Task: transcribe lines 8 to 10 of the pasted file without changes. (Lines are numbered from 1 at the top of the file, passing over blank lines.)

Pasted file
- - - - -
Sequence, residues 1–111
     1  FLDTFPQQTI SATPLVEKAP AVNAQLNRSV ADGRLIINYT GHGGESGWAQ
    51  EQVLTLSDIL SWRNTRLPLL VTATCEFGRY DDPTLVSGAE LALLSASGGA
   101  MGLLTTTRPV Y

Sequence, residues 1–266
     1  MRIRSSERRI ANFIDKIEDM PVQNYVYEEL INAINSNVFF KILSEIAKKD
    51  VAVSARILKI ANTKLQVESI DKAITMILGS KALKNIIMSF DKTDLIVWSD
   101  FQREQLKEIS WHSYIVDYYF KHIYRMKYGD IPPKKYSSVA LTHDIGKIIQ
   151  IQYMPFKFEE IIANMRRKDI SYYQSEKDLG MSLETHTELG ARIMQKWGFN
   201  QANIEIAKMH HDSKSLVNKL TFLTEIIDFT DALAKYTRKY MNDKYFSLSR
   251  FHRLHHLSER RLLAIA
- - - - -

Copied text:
   101  FQREQLKEIS WHSYIVDYYF KHIYRMKYGD IPPKKYSSVA LTHDIGKIIQ
   151  IQYMPFKFEE IIANMRRKDI SYYQSEKDLG MSLETHTELG ARIMQKWGFN
   201  QANIEIAKMH HDSKSLVNKL TFLTEIIDFT DALAKYTRKY MNDKYFSLSR